February - when thoughts begin turning to spring, and there have even been a couple of warm days, but today the temperatures dropped, and with a strong wind, it was the coldest I've felt this winter. I was thinking of going out to take pictures, but ended up staying home... it would have been really unpleasant walking around outside taking pictures on a day like this!
This batch of videos is primarily of Hamamatsucho, Shinbashi, Ginza, and with train scenes from the Chuo Line, the Odakyu Line, and the Yamanote Line.
Hamamatsucho to Shinbashi (Twilight View) 浜松町駅-新橋駅 (黄昏風景) 130214g
Looking west out the left side of the train into the twilight, you can see Tokyo Tower off in the distance between the buildings (00:08, 00:15, 00:19, etc.). I didn't used to think about Tokyo Tower much, but after finding myself right beside it this year while in the Hamamatsucho area, I suddenly realized just how large it is. Of course, I've always known it was a large tower, but I've mainly seen it from a distance, so when I looked up and saw it - right there - when I was in the area for other reasons, it suddenly impressed me.
The video ends with a platform view of the Yamanote Line train I had been on, and then a Keihin-Tohoku Line train leaving Shinbashi Station.
Yurakucho Evening 夕方の有楽町 (130214)
The old steel bridges are much appreciated (by me, and others too I hope) for their style, history, and wonderful noises as trains pass by overhead. In this video, it's pretty quiet, but even without the industrial music of the train-generated sounds, somehow it's comforting to have *something* from the past close at hand while walking through everything-old-must-be-destroyed Tokyo. (Slight exaggeration? I'm not so sure... that's pretty much how it is.)
At the 01:00 mark - something I didn't notice at the time but stands out to me in the video, is the sign that says "1F Loft", meaning that the Loft store is on the first floor. "Hmm... on the 1st floor? That doesn't sound like a 'loft'..." you might think.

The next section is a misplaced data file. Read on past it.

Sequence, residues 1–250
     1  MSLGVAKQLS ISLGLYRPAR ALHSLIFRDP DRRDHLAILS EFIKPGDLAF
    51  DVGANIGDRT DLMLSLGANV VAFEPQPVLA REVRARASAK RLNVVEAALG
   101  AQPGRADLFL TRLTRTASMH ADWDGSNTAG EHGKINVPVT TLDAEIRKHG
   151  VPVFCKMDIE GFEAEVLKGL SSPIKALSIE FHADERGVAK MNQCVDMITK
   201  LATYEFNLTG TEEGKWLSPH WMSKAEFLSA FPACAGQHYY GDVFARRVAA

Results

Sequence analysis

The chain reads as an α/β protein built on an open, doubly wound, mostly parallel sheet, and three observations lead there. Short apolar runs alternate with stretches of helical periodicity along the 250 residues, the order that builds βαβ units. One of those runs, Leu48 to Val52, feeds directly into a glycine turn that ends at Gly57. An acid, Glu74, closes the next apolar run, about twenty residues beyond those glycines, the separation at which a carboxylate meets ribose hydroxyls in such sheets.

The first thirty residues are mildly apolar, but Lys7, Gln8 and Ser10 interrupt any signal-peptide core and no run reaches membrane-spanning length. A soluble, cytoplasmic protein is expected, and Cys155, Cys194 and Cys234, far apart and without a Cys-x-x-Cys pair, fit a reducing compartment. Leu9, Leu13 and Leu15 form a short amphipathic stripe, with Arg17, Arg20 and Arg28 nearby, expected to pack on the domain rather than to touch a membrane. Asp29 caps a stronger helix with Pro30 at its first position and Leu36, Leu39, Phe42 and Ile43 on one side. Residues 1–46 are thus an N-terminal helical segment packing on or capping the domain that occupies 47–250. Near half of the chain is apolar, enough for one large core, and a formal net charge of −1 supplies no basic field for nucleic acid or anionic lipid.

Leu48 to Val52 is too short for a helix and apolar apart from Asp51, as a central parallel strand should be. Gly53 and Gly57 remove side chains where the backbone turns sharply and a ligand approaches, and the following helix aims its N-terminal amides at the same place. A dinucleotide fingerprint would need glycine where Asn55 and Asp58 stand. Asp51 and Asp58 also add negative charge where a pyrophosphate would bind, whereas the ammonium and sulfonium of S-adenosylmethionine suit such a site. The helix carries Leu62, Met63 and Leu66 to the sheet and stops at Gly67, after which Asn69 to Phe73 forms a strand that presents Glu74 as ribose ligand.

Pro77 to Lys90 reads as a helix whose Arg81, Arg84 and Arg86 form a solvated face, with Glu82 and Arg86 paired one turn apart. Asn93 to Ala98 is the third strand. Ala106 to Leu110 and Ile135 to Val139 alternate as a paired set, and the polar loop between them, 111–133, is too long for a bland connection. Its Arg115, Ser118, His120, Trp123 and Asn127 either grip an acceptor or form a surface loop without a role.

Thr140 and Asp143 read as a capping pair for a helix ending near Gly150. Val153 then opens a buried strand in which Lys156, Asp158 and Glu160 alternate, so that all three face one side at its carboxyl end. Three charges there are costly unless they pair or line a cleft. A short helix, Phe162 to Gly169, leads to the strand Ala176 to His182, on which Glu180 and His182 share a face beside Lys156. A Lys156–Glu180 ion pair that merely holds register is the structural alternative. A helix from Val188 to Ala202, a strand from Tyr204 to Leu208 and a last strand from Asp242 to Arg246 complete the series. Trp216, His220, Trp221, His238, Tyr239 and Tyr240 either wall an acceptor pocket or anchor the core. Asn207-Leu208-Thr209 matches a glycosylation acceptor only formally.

Shinbashi to Yurakucho (Night Ride) 新橋駅-有楽町駅 (夜山手線) 130214
Starting in SL-Plaza in front of Shinbashi Station, after walking around on the plaza a little, I enter the station and take a Keihin-Tohoku Line train to Yurakucho.
At the 02:13 point in the video, you can see a man in all-yellow clothing. A few weeks back, I asked either that very man, or someone doing that same job, what they were doing, and they explained they were there to make sure no one fell into the gap between the platform and the train. Safety is always a good thing, but it's a little depressing sometimes how paranoid people are about not-very-likely-to-occur problems.
In the case of trains, there are very few accidents, but as soon as one, single, solitary person dies in some mishap on the railways, it's pumped into all the news outlets - generating this ridiculous image of the railways being dangerous. Meanwhile, the daily carnage on the bloody dead-black asphalt roads continues with almost no comment at all. It's insane. Looking on-line, I see the figure 4,914 dead for the year 2009:
So you have this ratio of thousands of road dead for every single death on the railways, and the media generates this image of the railways as being dangerous if any one individual has an accident on them. It's crazy. Ongoing carnage on the roads? No problem! An isolated incident on the railways? "Terrible! Something must be done! Put guards on the platforms! Put up platform walls! Lower the speed! There must be zero accidents!"
Looking on-line, I see this:
"Transport Ministry says 2011 worst on record for passengers falling onto train tracks
NATIONAL DEC. 10, 2011 - 04:15PM JST ( 48 )TOKYO ―
"The Ministry of Land, Infrastructure and Transport this week released figures indicating that 2011 has seen the highest ever number of deaths and injuries due to passengers falling onto train tracks in Japan.
"The ministry said that between April and September of 2011, 119 people were injured or killed after being hit by trains in such incidents, TBS reported. ................."